Quantifying eco-evolutionary contributions to trait divergence in spatially structured systems
Govaert, Lynn; Pantel, Jelena H; De Meester, Luc (2022), Quantifying eco-evolutionary contributions to trait divergence in spatially structured systems, Dryad, Dataset, https://doi.org/10.5061/dryad.0vt4b8gz8
Ecological and evolutionary processes can occur at similar time scales, and hence influence one another. There has been much progress in developing metrics that quantify contributions of ecological and evolutionary components to trait change over time. However, many empirical evolutionary ecology studies document trait differentiation among populations structured in space. In both time and space, the observed differentiation in trait values among populations and communities can be the result of interactions between non-evolutionary (phenotypic plasticity, changes in the relative abundance of species) and evolutionary (genetic differentiation among populations) processes. However, the tools developed so far to quantify ecological and evolutionary contributions to trait changes are implicitly addressing temporal dynamics because they require directionality of change from an ancestral to a derived state. Identifying directionality from one site to another in spatial studies of eco-evolutionary dynamics is not always possible and often not meaningful. We suggest three modifications to existing partitioning metrics so they allow quantifying ecological and evolutionary contributions to changes in population and community trait values across spatial locations in landscapes. Applying these spatially modified metrics to published empirical examples shows how these metrics can be used to generate new empirical insights and to facilitate future comparative analyses. The possibility to apply eco-evolutionary partitioning metrics to populations and communities in natural landscapes is critical as it will broaden our capacity to quantify eco-evolutionary interactions as they occur in nature.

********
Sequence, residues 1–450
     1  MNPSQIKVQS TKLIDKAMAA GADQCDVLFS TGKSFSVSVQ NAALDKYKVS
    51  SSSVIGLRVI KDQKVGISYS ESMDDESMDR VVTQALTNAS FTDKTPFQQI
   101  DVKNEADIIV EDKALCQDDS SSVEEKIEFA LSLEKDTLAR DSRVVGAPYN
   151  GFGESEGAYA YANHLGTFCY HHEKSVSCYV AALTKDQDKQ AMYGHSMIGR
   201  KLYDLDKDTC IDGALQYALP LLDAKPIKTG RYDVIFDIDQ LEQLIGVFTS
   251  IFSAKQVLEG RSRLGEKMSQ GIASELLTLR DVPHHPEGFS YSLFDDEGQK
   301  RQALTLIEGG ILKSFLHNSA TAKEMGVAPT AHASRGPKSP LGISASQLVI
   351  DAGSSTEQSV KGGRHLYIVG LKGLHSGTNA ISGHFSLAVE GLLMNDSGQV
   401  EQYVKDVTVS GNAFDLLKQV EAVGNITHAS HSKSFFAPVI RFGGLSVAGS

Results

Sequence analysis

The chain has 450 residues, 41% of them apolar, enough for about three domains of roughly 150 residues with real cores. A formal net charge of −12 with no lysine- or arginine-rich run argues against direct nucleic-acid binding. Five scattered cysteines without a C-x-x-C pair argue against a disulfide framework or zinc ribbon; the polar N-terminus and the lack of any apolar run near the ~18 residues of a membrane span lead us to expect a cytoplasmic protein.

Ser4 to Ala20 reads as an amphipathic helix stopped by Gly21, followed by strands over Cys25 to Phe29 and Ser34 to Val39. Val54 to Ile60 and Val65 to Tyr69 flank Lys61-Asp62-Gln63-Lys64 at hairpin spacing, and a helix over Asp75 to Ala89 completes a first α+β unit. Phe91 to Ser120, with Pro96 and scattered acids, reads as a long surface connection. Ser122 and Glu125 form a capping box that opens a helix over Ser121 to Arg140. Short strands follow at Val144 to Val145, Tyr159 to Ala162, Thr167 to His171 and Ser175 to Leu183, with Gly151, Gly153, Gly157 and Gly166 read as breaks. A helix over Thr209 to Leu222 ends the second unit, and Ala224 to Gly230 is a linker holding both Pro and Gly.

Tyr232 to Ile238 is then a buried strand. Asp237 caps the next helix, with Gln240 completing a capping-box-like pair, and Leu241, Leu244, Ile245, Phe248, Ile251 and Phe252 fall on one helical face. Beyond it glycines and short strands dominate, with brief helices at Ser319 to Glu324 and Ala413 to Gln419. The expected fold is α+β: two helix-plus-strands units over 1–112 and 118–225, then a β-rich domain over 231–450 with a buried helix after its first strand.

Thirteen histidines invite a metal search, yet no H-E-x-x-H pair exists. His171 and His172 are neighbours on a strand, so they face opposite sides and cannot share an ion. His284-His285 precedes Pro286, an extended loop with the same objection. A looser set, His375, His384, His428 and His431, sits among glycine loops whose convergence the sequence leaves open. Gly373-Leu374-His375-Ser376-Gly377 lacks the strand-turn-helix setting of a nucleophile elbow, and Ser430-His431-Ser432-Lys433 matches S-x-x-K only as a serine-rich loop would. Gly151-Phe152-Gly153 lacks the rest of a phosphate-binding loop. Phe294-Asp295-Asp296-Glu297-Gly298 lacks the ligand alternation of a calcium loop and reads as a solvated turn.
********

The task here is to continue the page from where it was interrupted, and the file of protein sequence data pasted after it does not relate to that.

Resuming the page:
This data has been collected by previous studies, with citations provided in main text of manuscript. R code and the specific data used in this study are available here.
KU Leuven Research Fund, Award: C16/2017/002
Fonds Wetenschappelijk Onderzoek, Award: G0B9818
Richard Lounsbery Foundation